Intercity bus services such as Megabus are driving their way straight to the top of the leaderboard when it comes to passenger technology use, according to a DePaul University study that examines the increased use of personal electronic devices among passengers on intercity buses, planes and trains.
Since last year, passenger technology usage has increased by 13 percentage points to 59.4% on discount and intercity bus lines, such as Megabus, Boltbus, DC2NY, and others the study found.
That growth pace for device usage on intercity buses far outpaced other modes of transportation, including airlines, where personal device usage was relatively flat at 35.9%, the study found.
Source: DePaul University
Technology use on the 20 commercial U.S. domestic flights studied “remained virtually flat and continues to lag behind other modes, suggesting that the relaxation of the FAA policy on the use of personal electronic devices is having little effect,” the study states.
Megabus provides power outlets at every seat and free Wi-Fi on most buses, features that still aren’t ubiquitous across conventional bus lines, airlines or trains.
The study, The Personal Tech Tidal Wave: The Rising Use of Electronic Devices on Intercity Buses, Trains & Planes, found that personal technology usage on commuter trains in the Chicago area jumped 6.6 percentage points 54.4 percent in 2014 while usage on Amtrak trains remained at roughly 52%.
The rise in device usage on buses can be attributed to the many tech-friendly conveniences they offer passengers while many airlines have been relatively slow in their rollouts of Wi-Fi and other features such as power outlets.
For most airlines there is no Wi-Fi service available for about 40 minutes of every flight during takeoffs and landings.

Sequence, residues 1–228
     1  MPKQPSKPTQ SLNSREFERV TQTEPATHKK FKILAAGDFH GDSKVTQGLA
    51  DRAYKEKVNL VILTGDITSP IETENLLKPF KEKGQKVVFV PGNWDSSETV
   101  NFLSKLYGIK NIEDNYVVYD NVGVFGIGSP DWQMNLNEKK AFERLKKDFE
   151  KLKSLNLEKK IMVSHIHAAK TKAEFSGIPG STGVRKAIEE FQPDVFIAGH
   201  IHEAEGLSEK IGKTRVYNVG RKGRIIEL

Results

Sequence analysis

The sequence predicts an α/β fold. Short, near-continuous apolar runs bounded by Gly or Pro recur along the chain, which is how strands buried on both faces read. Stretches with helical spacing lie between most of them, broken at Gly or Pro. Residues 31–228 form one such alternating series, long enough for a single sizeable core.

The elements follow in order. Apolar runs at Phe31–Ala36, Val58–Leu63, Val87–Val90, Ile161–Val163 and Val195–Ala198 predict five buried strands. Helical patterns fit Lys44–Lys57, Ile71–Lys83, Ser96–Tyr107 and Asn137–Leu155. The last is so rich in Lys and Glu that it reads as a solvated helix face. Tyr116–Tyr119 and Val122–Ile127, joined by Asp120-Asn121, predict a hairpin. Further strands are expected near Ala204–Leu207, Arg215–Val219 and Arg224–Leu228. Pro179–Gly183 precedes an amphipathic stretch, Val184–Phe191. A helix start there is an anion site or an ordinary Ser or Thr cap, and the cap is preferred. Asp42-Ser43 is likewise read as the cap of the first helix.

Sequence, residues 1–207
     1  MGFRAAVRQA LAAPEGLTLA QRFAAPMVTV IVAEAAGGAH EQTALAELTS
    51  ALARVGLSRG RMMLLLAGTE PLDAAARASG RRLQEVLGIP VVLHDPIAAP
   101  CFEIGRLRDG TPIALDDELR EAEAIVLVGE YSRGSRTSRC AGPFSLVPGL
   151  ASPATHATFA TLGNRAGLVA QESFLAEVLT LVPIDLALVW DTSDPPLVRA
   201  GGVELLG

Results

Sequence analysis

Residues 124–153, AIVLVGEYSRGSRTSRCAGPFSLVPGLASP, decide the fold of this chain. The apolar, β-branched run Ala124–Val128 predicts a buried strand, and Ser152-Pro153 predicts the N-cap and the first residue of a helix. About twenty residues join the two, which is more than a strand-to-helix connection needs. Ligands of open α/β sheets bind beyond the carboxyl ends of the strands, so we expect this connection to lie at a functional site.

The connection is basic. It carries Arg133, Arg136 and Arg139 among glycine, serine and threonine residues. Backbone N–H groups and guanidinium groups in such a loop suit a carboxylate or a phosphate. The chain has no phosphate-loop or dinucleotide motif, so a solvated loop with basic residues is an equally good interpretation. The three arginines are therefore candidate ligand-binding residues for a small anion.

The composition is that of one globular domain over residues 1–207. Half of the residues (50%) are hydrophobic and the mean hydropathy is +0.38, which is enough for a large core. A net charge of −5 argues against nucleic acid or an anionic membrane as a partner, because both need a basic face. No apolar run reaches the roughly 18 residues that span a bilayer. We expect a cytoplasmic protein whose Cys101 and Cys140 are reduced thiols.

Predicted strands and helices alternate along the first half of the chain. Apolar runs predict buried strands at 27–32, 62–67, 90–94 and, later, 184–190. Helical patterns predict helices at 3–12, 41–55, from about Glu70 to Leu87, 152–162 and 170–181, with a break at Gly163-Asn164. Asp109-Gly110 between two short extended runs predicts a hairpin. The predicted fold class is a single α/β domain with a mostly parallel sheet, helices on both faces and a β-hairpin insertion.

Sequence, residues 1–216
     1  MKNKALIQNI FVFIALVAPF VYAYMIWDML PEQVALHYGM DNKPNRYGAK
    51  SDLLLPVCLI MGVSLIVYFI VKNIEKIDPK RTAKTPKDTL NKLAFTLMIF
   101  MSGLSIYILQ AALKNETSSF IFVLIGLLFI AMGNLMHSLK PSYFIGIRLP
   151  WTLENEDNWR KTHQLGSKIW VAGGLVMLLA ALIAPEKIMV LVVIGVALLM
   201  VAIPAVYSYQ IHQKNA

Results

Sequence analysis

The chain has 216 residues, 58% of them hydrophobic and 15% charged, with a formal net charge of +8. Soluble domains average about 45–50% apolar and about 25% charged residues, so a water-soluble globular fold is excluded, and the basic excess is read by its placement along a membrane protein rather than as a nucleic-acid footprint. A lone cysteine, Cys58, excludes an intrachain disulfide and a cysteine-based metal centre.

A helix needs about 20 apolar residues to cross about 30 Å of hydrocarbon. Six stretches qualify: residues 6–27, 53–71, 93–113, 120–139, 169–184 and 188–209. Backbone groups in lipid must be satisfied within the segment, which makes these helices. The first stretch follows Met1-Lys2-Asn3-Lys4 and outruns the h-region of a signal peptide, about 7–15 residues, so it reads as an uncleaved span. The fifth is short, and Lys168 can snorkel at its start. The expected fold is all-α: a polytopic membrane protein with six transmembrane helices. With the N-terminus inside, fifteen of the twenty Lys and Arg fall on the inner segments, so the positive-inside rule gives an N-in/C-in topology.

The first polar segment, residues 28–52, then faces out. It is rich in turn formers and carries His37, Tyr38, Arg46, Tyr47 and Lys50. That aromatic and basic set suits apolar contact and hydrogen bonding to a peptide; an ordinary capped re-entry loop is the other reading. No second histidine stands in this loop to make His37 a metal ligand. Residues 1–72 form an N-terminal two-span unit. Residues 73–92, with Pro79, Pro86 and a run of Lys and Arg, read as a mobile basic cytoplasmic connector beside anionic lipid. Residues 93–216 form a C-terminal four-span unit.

With buses and trains, passengers are free to use their devices uninterrupted from the time they get to their seat to when they arrive at their destination.
Megabus’ technology growth is also due to stronger cellular signals that are generally available along the highway routes they cover, combined with a younger student demographic of “digital natives” who take advantage of the bus line’s cheap fares.
Amtrak introduced Wi-Fi to it’s Midwestern corridor routes in February, which fits nicely with its spacious seating and tray tables, allowing passengers plenty of room to spread out and use their electronic devices.
Tablets and e-readers were more common on airplanes, accounting for one-third of device usage, the study found, while bus passengers used other devices such as smartphones most frequently.
The study covered 108 weekday departures from February 15 to June 15, 2014, on domestic commercial flights, Amtrak trains, conventional intercity buses (Greyhound), curbside bus departures (Megabus/Coach USA), and commuter trains in the Chicago area. Members of the study team roamed the aisles and recorded the activity of passengers using their electronic devices.